All Articles A first-timer's guide to exploring Italy by train

A first-timer's guide to exploring Italy by train

Sleeper cars, slow routes, and more.

By Lina ZeldovichMay 28, 2024 5 minutes read
Train station overlooking the ocean, in Manarola, Cinque Terre
Manarola, Cinque Terre
Image: Julia Lavrinenko/Getty Images

A heritage trip to Italy—that was our post-pandemic resolution, a long time in the making. My husband’s family is from Rome, so we always wanted our son to reconnect with his ancestral culture and cuisine, and last summer finally presented us with a perfect opportunity. My own family, who aren’t Italian, were looking for a beautiful place for a family reunion to celebrate all the birthdays, anniversaries, and graduations we missed for the three pandemic years—and Sicily won the vote.

The plan was to spend a few days in the Eternal City before heading to Palermo, Sicily’s capital. A plane would get us there in two hours, but all we’d miss the rolling hills of the countryside and the seemingly endless vineyards disappearing into the horizon. Driving would take two days and wear us out. But, trains? Trains—especially sleeper trains—were a great option.

Italy has a robust train system, called TrenItalia, but figuring out the right routes can get confusing. Depending on whether you want to go fast or slow and what you want to see out the window will dictate what path you take. Here’s how to navigate Italy’s train system—without getting lost before you even embark on your journey.

Know when to take the slow route

Modern high-speed trains at Milan Central Station
Image: scaliger/Getty Images

If your goal is to just get there, Alta Velocità—the country’s high-speed trains—are your best bet. Reaching 190 mph, they connect all of Italy’s major cities including Rome, Venice, Florence, Milan, and Naples. But with speed comes a downside: all you’ll see out the window is a colorful blur. If you want to see the country like we did—chugging through miles of green hills, vineyards, and seaside villages—consider taking the slower Regionale Veloce or Intercity trains. To compare, buzzing from Rome to Florence on a Alta Velocità train can take 1.5 hours while a regional one may take three, but you’ll see more and spend less.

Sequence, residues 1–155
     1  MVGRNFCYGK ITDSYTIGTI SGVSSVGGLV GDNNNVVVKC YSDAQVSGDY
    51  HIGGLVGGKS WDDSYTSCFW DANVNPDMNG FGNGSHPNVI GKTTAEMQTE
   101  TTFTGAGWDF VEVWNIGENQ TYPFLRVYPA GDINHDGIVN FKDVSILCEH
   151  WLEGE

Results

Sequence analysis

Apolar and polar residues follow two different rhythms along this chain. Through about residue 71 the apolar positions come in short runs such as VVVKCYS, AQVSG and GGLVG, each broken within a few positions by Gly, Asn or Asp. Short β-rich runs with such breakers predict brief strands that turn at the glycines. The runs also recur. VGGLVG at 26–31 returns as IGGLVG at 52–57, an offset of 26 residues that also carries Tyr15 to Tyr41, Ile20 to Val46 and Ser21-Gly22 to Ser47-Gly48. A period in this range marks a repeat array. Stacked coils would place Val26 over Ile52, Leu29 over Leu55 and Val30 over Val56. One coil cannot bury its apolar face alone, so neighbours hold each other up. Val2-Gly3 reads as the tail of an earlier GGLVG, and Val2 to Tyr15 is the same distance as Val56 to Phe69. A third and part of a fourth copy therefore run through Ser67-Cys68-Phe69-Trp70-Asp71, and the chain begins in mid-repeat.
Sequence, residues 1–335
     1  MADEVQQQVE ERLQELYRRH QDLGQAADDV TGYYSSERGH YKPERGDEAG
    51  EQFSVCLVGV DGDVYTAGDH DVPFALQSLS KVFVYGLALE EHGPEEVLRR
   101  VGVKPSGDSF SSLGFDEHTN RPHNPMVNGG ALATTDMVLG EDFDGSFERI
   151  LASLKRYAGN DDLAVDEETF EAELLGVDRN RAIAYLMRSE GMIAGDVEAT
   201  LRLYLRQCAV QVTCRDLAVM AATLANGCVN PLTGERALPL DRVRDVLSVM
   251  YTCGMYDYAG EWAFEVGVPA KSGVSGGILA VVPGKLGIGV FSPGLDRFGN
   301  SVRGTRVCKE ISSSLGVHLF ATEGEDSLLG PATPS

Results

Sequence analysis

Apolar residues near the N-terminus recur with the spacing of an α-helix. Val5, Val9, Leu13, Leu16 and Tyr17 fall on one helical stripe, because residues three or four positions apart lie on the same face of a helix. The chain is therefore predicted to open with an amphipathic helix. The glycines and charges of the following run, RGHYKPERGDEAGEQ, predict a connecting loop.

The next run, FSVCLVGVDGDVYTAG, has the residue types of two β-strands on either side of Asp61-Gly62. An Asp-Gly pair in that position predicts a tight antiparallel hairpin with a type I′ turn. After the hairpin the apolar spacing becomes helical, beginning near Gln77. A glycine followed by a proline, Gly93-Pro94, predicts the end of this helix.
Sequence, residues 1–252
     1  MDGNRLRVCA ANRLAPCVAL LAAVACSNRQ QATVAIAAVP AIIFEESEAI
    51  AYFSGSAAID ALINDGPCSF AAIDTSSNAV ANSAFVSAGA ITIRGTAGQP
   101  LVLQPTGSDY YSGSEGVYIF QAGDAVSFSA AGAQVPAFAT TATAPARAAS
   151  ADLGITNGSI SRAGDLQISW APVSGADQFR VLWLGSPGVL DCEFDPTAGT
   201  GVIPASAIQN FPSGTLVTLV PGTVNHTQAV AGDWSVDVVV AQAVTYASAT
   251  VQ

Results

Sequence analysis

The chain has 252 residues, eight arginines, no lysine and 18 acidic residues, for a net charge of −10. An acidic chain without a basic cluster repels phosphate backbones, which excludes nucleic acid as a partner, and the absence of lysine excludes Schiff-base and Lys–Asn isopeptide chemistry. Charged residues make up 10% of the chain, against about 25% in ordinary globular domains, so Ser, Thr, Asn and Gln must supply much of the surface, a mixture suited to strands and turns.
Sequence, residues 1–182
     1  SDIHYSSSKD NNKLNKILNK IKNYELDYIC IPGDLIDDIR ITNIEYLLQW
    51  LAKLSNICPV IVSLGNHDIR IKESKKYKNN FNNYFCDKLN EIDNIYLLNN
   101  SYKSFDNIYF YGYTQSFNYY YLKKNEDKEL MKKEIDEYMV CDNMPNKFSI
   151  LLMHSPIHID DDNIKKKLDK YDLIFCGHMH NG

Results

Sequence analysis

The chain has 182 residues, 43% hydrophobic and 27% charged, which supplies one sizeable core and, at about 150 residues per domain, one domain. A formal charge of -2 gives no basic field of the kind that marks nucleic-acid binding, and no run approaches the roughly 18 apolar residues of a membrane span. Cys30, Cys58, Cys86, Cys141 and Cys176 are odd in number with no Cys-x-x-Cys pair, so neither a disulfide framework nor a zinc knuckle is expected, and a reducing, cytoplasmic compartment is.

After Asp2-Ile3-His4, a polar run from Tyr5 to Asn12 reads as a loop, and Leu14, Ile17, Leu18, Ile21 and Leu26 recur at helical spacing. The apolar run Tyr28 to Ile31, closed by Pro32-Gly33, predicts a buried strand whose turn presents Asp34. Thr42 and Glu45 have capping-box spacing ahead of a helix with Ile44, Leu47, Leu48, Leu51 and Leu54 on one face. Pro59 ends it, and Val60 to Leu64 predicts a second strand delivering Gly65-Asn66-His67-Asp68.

Tip: Regional and Intercity trains are often less than half the price of the high-speed trains. For example, an average high-speed ticket from Rome to Naples costs about $60, but a slower train can cost $16 while adding only about an hour to your journey. Also, depending on the day of the week, an Intercity first-class ticket may be only slightly more expensive than a regular ticket, so be sure to compare fares if your plans are flexible.

Save big on sleeper trains

When booking our sleeper train tickets, we had to consider whether we wanted to share our sleeping compartments—called couchettes, with two lower and two upper berths—with other fellow travelers or have it all to ourselves. We decided to buy all four berths as a group of three, so we didn't have to worry about strangers getting on or off in the middle of the night. Our entire couchette for a 12-hour ride from Rome to Palermo cost about $250, which proved cheaper than buying three plane tickets and paying for a hotel room in Palermo for the night. Sheets, blankets, snacks, and a light breakfast are included.

Tip: One slightly annoying feature is that bathrooms are outside couchettes, so if you have to go, PJs are a must.

When (and how) to get a ticket

Trenitalia tickets machines in Rome Termini Train Station
Image: resulmuslu/Getty Images

Once you’ve settled on your train type, you can buy your tickets on TrenItalia’s official website or app. If you’re traveling during the low season in late winter or early spring, you can show up at the station and grab tickets from a vending machine or a clerk any time before departure—but don’t risk this during the high summer season, when popular trains sell out.